Unless you have been living under an unremarkable, non-sparkly rock this month, you will have spotted rainbow flags, banners, decorations and other jolly paraphernalia adorning certain shop windows and high streets for Pride Month.
From June 1 to June 30 every year, events of all sizes, shapes and forms take place across the world (global pandemics notwithstanding) to celebrate the LGBTQ+ community and to pay tribute to those involved in the Stonewall riots of the late Sixties.
The riots, considered a significant turning point for the gay liberation movement, were sparked in response to a violent police raid on the Stonewall Inn in Greenwich Village, New York City, starting on June 28, 1969.
Following the protests, activist groups were formed and newspapers set up to campaign for gay rights, pushing for safe spaces, equality in society and, most importantly, to be heard, understood and accepted.
Heralded as the beginning of change, exactly a year on from the Stonewall riots, the first Pride marches were organised in New York, San Francisco and Los Angeles; today at least 150 parades take place globally every year.
Now, more than 50 years since the fight for LGBT equality began in earnest and, as an agency proud to champion and support the community however we can, we are all too aware of the work still to be done on a societal scale.
Focussing on our own industry, it is now commonplace to see many retailers and brands showing support for Pride Month, some more superficially than others.
This begs the question – is flying the rainbow flag really enough?
Certain brands are criticised for their efforts and can be accused of jumping on the bandwagon or virtue signalling while making a fast buck off the back of such an important issue.
Take M&S for example, who launched an LGBT (lettuce, guacamole, bacon and tomato) sandwich in 2019 and was faced with a huge backlash on social media, despite making a donation to the Albert Kennedy Trust, a charity helping members of the community in housing crisis.
So what is the right way for brands to show acceptance, allegiance and support without causing offence?
It is all very well slapping rainbows across your various channels, whether physical or digital, but does your organisation have a strategy to genuinely get behind LGBT staff and customers, promote diversity and fight for change?
This Pride Month, we have identified a selection of brands making rainbow waves, hoping to make a difference.
Levis has a long history of supporting the Pride movement and this year’s campaign entitled ‘All Pronouns, All Love’ features a special collection of garments to celebrate diversity.
Most impressively, 100 per cent of the net profit resulting from sales of these garments goes directly to OutRight Action International, a non-profit organisation that defends and improves human rights for LGBTQIA+ people all over the world.
Similarly, Primark launched its most recent Pride collection and continues to work alongside ILGA World, an organisation bringing together LGBT groups globally and helping to advance equality in more than 150 countries.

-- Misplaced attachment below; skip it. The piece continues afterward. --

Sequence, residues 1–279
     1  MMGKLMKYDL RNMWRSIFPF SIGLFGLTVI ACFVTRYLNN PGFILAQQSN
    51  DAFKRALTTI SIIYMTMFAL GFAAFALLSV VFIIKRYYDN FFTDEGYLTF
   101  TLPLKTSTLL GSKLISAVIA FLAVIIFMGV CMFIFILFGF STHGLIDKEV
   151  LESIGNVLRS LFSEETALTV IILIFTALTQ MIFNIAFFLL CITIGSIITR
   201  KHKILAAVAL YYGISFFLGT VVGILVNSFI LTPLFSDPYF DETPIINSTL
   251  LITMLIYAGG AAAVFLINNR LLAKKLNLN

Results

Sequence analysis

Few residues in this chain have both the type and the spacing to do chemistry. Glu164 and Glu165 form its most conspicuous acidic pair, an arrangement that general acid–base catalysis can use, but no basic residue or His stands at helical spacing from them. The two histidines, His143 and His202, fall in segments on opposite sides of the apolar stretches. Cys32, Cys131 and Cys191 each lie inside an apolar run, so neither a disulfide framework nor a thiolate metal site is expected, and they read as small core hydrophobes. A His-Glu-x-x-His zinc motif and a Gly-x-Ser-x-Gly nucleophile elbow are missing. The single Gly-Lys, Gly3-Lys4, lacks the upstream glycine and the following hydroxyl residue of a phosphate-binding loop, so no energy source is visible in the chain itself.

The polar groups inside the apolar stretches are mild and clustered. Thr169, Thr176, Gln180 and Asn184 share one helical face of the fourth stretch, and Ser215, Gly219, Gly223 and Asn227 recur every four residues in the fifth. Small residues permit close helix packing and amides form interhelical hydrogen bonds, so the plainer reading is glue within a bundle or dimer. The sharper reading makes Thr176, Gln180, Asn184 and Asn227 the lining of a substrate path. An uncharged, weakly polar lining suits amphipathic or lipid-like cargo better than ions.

Many brands work hard behind the scenes too, ensuring all employees feel included and represented.
The John Lewis Partnership runs a variety of networks backing diversity and inclusion at work, including the Pride in the Partnership network that focuses on the LGBT community and its allies, promoting increased visibility and support.
Johnson & Johnson is another wonderful example of a brand going the extra mile as it fully encourages and supports the life decisions of all its employees; they enjoy inclusive health benefits such as help towards fertility treatments, surrogacy and adoption for same sex couples as well as accessible care for those going through gender transition.
Despite the positive and progressive work of these brands and others, many are still learning and more needs to be done to improve inclusion and provide the necessary backing and help for marginalised groups.
LGBT charity, Stonewall, releases a Top 100 Employers list collated from the Workplace Equality Index every year, although it was not put together during the height of the pandemic, so the current report was published in early 2020.
The list features individual organisations excelling when it comes to inclusion and also categorises the organisations by sector, shining a light on the most supportive industries for LGBT community members to work within.
In 2020, only two companies featured in the Top 100 Employers were from the retail sector – Sainsbury’s and Enterprise Rent-a-Car.
Paul Twocock, Stonewall’s interim chief executive, said in an online statement: “The staff feedback showed encouraging results. More non-LGBT employees told us they support equality than in 2019, and 80 per cent of LGBT employees said that they feel able to be themselves at work.
“When it comes to seeking support at work, most LGBT employees said they would feel confident reporting homophobic, biphobic and transphobic bullying to their employers.
“But the fight for equality is far from over. LGBT people continue to face discrimination in all walks of life, including in the workplace.”
So, while the fight for LGBTQ+ equality continues to gather pace and visibility within our industry, it is important for brands to keep it high on the agenda, have clear and workable strategies in place to embrace and support the community, and never stop pushing for change.
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